In conferences, on webpages, and in blogs, the professionals looking for fiction make it clear that each day they hope to find, somewhere in the slush pile, a distinct voice — language and perspective that stands out as individual and authentic.
I've written a few posts about voice in the past. I think there are some right ways to develop your own voice open: using dictation, writing dialogue–only scenes, and (ironically) writing pastiches that capture the voices of other writers. There are wrong approaches: writing diatribes, writing essays in ways dictated by long-forgotten sixth grade teachers, and any sort of "how to" writing — which needs to be clear and often becomes generic.
So, for this addition to the blog, I'm going to suggest three exercises that may help you to develop your own voice. They all begin in the same place, choosing an individual you know well to address with your work. Picking out someone in particular forces you to deal with intention, interest, pacing, and word choice that writing for an audience can't match.
Do you have someone in mind? Good. Now try this:
- Describe your favorite scene from a story. It doesn't matter whether it's from your own work or from an author or movie that you connected with. Just communicate the images and the feelings in a way that would be understood by the person you've chosen to address.
- Write about an occasion in your life when you were hurt, but not wronged. We all have cases where people around us, including people who love us, cause us harm. And it can be difficult to put these in perspective when blame isn't easily assigned. The hurt itself becomes more vivid when you try to explain why it felt bad without complicating your explanation with accusations or intentions.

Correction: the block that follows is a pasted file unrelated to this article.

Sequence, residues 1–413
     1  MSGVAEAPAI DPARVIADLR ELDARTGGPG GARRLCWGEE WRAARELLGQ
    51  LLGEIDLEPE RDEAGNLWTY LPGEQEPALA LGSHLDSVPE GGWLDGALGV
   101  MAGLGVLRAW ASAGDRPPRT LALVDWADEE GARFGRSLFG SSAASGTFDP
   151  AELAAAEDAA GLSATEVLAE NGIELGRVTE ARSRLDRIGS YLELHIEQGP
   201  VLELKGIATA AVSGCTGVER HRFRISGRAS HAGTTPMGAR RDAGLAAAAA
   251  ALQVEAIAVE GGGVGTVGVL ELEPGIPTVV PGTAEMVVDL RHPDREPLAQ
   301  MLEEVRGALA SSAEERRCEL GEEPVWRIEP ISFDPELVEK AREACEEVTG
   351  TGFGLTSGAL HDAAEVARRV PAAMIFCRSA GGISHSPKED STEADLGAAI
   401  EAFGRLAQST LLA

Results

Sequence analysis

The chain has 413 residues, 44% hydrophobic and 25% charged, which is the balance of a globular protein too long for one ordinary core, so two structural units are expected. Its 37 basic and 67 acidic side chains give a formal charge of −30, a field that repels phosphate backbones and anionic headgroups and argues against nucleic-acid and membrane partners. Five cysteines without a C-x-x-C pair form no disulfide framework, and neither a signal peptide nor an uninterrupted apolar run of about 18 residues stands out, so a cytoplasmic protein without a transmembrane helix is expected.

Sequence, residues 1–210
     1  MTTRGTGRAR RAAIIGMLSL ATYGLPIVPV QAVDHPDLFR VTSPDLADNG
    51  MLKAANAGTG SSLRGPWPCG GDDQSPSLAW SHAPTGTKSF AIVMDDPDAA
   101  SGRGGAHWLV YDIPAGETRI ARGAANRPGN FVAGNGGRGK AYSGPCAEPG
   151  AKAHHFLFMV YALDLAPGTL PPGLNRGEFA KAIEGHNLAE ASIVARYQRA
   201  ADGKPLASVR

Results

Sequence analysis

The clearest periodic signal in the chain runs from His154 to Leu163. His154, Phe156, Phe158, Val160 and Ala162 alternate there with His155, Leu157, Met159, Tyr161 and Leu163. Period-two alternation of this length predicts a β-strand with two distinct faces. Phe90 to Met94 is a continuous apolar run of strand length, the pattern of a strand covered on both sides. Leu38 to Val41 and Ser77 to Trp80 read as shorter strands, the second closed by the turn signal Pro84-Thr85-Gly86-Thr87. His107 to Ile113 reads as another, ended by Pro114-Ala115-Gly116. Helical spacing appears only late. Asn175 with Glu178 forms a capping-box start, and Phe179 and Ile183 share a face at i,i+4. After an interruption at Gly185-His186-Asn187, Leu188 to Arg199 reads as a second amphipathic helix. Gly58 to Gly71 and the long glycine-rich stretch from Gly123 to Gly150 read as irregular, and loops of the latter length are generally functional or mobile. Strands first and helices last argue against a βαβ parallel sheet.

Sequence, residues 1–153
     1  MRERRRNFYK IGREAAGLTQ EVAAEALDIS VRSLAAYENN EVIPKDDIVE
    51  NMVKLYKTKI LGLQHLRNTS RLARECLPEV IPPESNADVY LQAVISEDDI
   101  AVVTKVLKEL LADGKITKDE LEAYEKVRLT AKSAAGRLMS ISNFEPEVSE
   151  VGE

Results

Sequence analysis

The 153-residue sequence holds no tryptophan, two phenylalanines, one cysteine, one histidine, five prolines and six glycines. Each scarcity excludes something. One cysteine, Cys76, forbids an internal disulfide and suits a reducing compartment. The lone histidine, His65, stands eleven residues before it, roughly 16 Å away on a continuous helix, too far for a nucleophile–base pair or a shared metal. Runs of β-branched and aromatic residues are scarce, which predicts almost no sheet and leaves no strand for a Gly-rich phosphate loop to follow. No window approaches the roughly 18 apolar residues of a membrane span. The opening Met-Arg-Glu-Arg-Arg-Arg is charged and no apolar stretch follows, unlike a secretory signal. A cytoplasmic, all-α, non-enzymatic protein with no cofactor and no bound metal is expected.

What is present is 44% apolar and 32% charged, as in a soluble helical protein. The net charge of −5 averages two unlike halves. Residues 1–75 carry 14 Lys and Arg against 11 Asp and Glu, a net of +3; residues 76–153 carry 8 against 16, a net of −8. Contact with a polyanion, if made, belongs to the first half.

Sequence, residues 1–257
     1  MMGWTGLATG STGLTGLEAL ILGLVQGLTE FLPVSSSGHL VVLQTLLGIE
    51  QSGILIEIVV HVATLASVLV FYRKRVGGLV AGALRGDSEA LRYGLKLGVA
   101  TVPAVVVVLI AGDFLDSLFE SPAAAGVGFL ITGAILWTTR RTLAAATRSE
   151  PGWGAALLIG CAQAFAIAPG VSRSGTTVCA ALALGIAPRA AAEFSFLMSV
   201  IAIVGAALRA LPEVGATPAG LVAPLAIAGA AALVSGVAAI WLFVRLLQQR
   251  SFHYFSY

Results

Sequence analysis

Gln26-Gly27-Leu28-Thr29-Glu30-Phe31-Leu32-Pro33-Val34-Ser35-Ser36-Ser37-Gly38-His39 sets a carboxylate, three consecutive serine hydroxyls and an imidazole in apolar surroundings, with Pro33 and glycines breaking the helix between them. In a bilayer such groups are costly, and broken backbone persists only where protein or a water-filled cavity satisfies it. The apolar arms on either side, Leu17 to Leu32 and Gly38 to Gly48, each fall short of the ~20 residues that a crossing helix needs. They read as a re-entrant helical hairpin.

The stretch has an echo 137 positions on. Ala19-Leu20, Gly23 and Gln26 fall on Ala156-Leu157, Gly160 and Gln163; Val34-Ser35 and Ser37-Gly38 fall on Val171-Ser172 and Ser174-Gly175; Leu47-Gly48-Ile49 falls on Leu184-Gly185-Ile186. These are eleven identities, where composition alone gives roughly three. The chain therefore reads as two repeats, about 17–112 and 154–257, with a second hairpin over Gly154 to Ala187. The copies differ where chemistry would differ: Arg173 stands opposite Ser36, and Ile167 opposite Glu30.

- Imagine a circumstance when you felt wonder or gained a positive insight about people, society, your world, or life. Then relate this incident as clearly as you can while including all the reasons why it mattered to you.
If you wish to, you can return to these exercises and write to different people you also know well. This will give you a different dimension of your authentic voice. If you can do this work by dictating it, you'll probably have better results than if you simply type the words out. If that doesn't feel comfortable, take the time after you've finished your writing to read your exercises out loud. This will help you to connect with your own voice and smooth out any pieces that didn't come naturally.
Once you've done this, the trick is to take the voice you've discovered and move it into your novels, short stories, scripts, or whatever else is your usual writing. This may not happen automatically, but with practice, the sound of your work will change in ways that will help it to stand out when it reaches agents, editors, and other gatekeepers.